John Bullock Lighting Design
John Bullock Lighting Design
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Seeking a New Cost Model


The Need for a Lighting Review:
It�s common practice to reduce lighting design guidelines to the quantitative call for a specific level of illuminance, and in the process lose the (often qualitative and therefore potentially complex) recommendations that lie behind the numbers, which is a pity because possibilities for improved lighting conditions and reduced costs usually rest within those recommendations.

Light Patterning
The obvious starting point for a review of this type is to interrogate this quantitative �blanket design� approach. The illuminance figures stated in the SLL Guides are based on task-based criteria. But a task requiring, say, 400 Lux for its proper execution does not require the entire room to be lit to that same level. If the task is limited to one dedicated area, then the rest of the room is potentially overlit. Lighting in those parts of the room could possibly be reduced to just 50% of the �design� figure.

This is a complete turn-about in lighting planning, but one that is gaining a lot of ground now that low-energy and sustainability practices is having such an impact on design thinking. 

Light Control
There is a further argument that develops out of the idea of planned, task-based, illuminance; because those illuminance levels are only required when the task is being performed, we don�t even need that level of light in that particular space all the time. So why not investigate light level control as well as tightening-up on the location of enhanced illuminance levels. It�s no different to switching on a table lamp so that you can read a book while the rest of the family is watching the TV.

Light Efficiency
The third strand to this type of lighting design overhaul is to look again at the technology that�s being used. The requirement for �high frequency control gear� in fluorescent luminaires is a worthy statement, but it does not go far enough. All that the HF control gear requirement does is to ensure that you get a more energy-efficient lamp and gear arrangement, rather than the pre-historic switch-start, wound-ballast, version. But it says nothing about luminaire performance, which is where our attention should be aimed, because if it�s a poor luminaire, then the inclusion of  efficient control gear does nothing to help.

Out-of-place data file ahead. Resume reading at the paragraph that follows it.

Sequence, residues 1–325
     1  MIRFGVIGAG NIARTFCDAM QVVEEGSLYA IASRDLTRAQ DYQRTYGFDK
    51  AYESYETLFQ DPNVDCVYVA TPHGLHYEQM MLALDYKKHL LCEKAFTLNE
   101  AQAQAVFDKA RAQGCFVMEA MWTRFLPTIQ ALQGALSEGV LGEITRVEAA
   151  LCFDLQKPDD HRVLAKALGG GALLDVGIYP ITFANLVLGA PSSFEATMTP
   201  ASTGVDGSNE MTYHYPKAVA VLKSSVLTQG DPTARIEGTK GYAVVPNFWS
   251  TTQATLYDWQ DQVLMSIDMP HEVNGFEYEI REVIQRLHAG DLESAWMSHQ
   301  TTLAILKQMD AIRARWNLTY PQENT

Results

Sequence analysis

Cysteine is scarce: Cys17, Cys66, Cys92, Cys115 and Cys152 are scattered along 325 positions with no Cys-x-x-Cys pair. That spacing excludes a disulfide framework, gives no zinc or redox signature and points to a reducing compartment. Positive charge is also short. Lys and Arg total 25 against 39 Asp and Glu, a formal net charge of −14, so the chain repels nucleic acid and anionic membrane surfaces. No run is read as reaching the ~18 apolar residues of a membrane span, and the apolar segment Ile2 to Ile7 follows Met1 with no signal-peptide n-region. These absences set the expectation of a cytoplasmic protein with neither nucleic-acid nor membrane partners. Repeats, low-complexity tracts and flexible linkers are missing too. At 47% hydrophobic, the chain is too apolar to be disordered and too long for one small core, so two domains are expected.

Cost Planning
A few words here about how we need to change the way that we assess project costs. The old cost comparison model is based on the �blanket design� approach; we light an entire room to a particular illuminance for a particular period of time � usually the whole working day. That only requires a simple bit of mathematics to translate the physical situation into a projected kWh cost. Payback periods for better (more expensive) technology could be worked against that model, but now that we�re contemplating a high energy cost future in a low-carbon environment that model no longer serves.

We need to squeeze the last drop out of the �lamp+control-gear+luminaire� hardware, and that means we must ensure that we�re utilizing the best that product design has to offer, and there�s a cost associated with that. But we also want to reduce the length of time that we use the hardware, and even have the facility to reduce the luminaire's output when required. That means we spend more money on our luminaire and our control arrangements and we only begin to see the savings that we�re making when a proper Life Cycle Assessment is made of the installation. Arguing the low-unit-cost against the efficient-high-tech model no longer works for us, and it�s going to be a bit of an adventure seeking out a new model that does work.


RIBA CPD in 2015

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John Bullock Lighting Design
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